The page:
Concert Review: Keb’ Mo’ / Anthony Damato @ The Egg, 05/17/2023
Keb Mo’s “Perfect” Concert at The Egg
It has been said that every Persian rug is so perfect that the makers purposely design a single mistake into the woven pattern to prove that the rug was designed by a person and not created like a mass-produced product designed by a machine. Keb’ Mo’s concert at The Egg Wednesday night was the roots/Americana/blues equivalent of a Persian rug without that one mistake.
His hour-and-a-half performance, backed by a spectacularly talented three-piece band, was smooth, clean, and – yes, flawless – a term I’ve never used to describe a roots-oriented concert.
I am reminded of the first time I heard Delta blues legend, Jimmy Reed. I was in the dorm room of a fellow student from Kentucky who was playing Jimmy’s Live at Carnegie Hall album on his stereo. Now Jimmy Reed will never be described as perfect. His mistakes are so inherent in his presentation that his record label VeeJay could take a studio recording, add canned applause and label it Live at Carnegie Hall, and most people to this day are no wiser.
Keb’ Mo’ played to an almost sold-out crowd at the Hart Theater, the largest room of The Egg. It was not the usual crowd at roots music concerts in the area. They were 99% white, a good fourth of them arriving late for a 7:30 start. That said, three-quarters of them were on-site an hour before showtime. Predominantly over 60, they obviously had been following this amazing 72-year-old artist through his long and sterling career that’s had him playing and recording with everyone from Taj Mahal to Bonnie Raitt. I overheard one woman describing how her parents had driven her down the Thruway to the Woodstock Festival in 1969, got the lay of the land, and wouldn’t let her out of the car.
I lost count of the number of guitars Keb’ Mo’ played, but they included electric and acoustic models of different make and a steel guitar. His repertoire covered oldies like “She Just Wants to Dance” and material from his latest album, including the title cut “Good to Be” and “62 Chevy.” He was backed by a keyboardist, bass player, and drummer who were so tuned in to him after months on the road that they fused into a BAND and were more than just accompanists.
The staging was unique. Backed by a black curtain, there were dozens of bright lights behind the band facing into the audience that periodically accented specific songs.
The opening act was Anthony Damato, a young solo singer/songwriter from Brooklyn who would have been right in sync with the coffeehouse acts that played Greenwich Village and Harvard Square in the 1960s. He was warmly received by Keb’ Mo’s fans.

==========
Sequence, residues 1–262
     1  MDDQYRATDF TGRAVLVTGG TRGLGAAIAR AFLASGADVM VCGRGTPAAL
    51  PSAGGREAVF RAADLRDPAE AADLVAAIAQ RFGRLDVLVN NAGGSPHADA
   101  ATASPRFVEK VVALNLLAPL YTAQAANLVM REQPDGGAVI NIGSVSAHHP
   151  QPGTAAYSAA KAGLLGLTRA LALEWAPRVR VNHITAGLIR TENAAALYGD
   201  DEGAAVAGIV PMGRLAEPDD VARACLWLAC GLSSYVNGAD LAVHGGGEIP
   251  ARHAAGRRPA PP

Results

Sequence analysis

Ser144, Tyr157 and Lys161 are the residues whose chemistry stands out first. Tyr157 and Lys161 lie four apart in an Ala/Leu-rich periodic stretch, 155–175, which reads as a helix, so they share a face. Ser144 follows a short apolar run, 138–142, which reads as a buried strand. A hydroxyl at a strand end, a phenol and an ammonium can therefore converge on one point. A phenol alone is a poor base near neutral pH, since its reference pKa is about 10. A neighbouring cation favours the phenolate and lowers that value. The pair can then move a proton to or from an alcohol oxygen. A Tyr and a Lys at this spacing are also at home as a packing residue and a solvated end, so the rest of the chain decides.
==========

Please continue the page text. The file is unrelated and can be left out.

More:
Having been a blues addict for more than half a century, it is encouraging to see an African American blues artist enjoy the kind of success that has earned Keb’ Mo’ five Grammys in a competition that has only two blues categories available to them, traditional and contemporary blues. He is an artist who can fill the Hart Theater and tour constantly for a year and a half after the release of his latest album. An artist who, in a hastily arranged interview day before his show, agreed that the best thing about being in your 70s is that you can do whatever the hell you want.
I know you’re waiting for the “but.” That “but” is that one of the wonderful things about blues is when the wheels come off in concert, and things get momentarily sloppy. The musician and his fans become one and let it all hang out. Keb’ Mo’ fits more comfortably into the Americana category. He even has an album titled Bluesamericana. And, hey, if he can soar with that kind of approach, who am I to knock him? He’s an incredibly talented performer who has removed the angst from his blues. For him, it’s not about catharsis so much as it is becoming a comfort blanket for a fanbase he’s spent more than half a century building and doing it with an original repertoire about people loving one another. And there’s certainly a place for artists like that in today’s world.
I have seen Keb’Mo’ 3 times once in St. Louis, once in KC and in Memphis in May but turned into Memphis in Mud! The Memphis concert in a tent with howling rain outside was magical. Of course he sound and playing was impeccable. Went with my 2 sons and daughter in law were right in front of Keb’ until She just wants to Dance, Juli climbed on stage and danced with the song in pure magic. It was quite memorable.
I see that Keb’ and Boz are playing Omaha this summer but only $200 orchestra seats are now open. Plan on getting tickets when basics ones are available but now sit in Mayo healing after my 3rd aortic aneurysm repair but should be leaving Sunday after infection problems are controlled. Suitcase got me through my first aneurysm repair.
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